Alanis Morissette talks 'Havoc,' addiction and motherhood
“I’m as shallow as you can get,” a charming Alanis Morissette surprisingly confessed at a Los Angeles event, and then proceeded to prove just the opposite.
The small gathering, held at Sonos Studios in Hollywood, featured a Q&A conducted by Billboard's Phil Gallo, with Morissette about the making of her new album, “Havoc And Bright Lights,” as well as a mini-concert by the Grammy winner.
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After 1995’s “Jagged Little Pill” catapulted the then-21-year old into the stratosphere, much of her material has been about the search for connection, meaning, and a healthy sense of self in a world that values surface, ego, and monetary success.
“After ‘Jagged Little Pill,’ the only direction to go was spiritual,” she said, adding that the overwhelming success of that album (it sold 33 million copies worldwide) had provided her the “brass ring” in terms of what we are taught to value, but ultimately she found those rewards “pretty hollow.” That experience left her asking the bigger “existential” questions and with the realization that she could use her music as a “means to an end” to explore the deeper questions.
“Havoc” treads that ground. First single, “Guardian,” addresses the disparity between the “mama bear,” fierce love she offers her new son, Ever, and the near total lack of love she offered herself. “Woman Down” chronicles the struggle women have carried through the generations. “I call it backdoor activism,” she says. “Artists are social activists whether they want to be or not.” Morissette feels it’s a great time to be a woman today. “We can be empowered and say ‘I need you’,” she said, noting that in past iterations of the women’s movement, females weren’t allowed to act as if they needed anything or anyone. “Celebrity” looks at those who see fame as a worthwhile end product.
As with her past studio albums, when she started to write the material for “Havoc,” “I [didn't] have any sense of what an album’s going to be. I just put on my helmet and hope for the best.” Morissette rarely comes in “with a lot of info” when she starts a song. The exception, she noted, was “You Oughta Know,” which came from “a desperate diary entry.”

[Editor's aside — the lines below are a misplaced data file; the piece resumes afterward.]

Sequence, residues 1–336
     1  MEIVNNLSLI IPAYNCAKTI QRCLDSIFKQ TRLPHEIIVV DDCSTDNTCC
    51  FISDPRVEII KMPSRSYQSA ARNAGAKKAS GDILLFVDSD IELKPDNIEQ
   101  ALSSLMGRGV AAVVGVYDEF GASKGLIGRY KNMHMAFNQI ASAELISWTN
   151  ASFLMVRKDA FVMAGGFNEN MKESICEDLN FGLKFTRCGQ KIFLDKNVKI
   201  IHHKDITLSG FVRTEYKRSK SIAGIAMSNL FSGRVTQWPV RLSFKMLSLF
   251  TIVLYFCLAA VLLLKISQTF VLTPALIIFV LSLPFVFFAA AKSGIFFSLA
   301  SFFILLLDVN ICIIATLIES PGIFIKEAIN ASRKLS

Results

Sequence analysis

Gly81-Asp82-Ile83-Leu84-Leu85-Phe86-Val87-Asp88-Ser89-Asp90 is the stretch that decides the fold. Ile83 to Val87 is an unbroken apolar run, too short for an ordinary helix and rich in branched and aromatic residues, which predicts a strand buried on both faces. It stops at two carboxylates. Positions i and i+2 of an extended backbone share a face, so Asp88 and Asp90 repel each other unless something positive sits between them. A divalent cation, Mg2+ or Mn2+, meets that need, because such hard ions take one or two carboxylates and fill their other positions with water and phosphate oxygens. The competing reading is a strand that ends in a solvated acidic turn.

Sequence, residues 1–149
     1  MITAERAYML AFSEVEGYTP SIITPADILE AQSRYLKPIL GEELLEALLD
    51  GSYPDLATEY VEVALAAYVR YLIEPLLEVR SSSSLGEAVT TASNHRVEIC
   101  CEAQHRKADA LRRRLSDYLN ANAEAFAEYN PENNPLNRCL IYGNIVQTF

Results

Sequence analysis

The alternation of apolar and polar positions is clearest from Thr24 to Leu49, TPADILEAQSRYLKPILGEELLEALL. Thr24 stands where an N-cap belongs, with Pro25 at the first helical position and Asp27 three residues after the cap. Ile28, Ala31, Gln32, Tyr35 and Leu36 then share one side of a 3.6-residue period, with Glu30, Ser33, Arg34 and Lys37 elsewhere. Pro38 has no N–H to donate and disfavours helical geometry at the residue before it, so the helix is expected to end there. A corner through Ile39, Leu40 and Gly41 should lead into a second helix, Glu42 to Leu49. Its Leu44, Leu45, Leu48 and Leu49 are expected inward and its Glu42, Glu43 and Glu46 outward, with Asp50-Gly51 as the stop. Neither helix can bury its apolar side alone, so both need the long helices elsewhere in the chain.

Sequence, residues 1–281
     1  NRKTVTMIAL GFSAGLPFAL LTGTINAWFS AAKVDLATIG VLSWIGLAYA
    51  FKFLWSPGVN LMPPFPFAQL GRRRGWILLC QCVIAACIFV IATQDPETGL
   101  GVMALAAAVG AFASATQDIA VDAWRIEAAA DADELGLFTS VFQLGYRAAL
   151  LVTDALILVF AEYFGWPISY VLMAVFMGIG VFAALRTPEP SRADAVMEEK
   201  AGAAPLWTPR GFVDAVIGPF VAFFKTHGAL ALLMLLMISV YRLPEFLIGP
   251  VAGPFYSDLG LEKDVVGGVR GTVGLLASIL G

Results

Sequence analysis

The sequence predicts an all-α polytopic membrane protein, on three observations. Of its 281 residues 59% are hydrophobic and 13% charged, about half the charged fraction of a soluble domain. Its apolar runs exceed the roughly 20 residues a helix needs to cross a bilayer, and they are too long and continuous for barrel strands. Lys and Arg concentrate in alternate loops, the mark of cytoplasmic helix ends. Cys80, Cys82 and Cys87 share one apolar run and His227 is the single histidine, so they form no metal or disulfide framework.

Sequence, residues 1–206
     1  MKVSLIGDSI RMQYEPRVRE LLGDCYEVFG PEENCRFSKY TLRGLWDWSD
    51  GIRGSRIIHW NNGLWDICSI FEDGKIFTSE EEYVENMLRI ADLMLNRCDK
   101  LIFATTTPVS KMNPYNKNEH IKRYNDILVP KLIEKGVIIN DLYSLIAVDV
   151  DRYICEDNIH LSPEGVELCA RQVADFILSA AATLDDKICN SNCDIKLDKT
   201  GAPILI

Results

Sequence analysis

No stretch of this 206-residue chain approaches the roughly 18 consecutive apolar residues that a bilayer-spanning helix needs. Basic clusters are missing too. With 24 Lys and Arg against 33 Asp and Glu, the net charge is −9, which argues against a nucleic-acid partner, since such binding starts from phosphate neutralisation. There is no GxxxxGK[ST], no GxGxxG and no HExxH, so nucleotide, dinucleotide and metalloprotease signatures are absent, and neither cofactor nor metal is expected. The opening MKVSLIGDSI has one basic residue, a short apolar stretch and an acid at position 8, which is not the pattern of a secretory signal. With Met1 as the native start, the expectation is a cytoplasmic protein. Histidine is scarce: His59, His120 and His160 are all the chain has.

Her greatest talent, “if I can admit to [one],” she said, is “I like taking in a ton of information and distilling it. I could speak about it for 10 hours and sing about it for four minutes.”
Admitting she’s a “big recovery junkie,” and enumerating her top three addictions as “work, love, and food,” Morissette drew a laugh when she said she no longer judges the “girly girl” side of herself that loves purses as much as music (and how: she wore gorgeous, bright red suede booties with stiletto heels). And lest she come off as too granola and only about exploring her latest emotion, she admitted a fondness for the paparazzi and gossip: “I love looking at what people are wearing. I love knowing who was just born.”
But much more importantly, as she starts a U.S. tour Aug. 25 in Montclair, N.J., Morissette says she loves that she’s finally found a “beautiful blend of personal and vocational” when her husband and son join her on the road.
She concluded the evening with lovely stripped-down performances of "Hand In My Pocket," "Guardian," and "Thank U."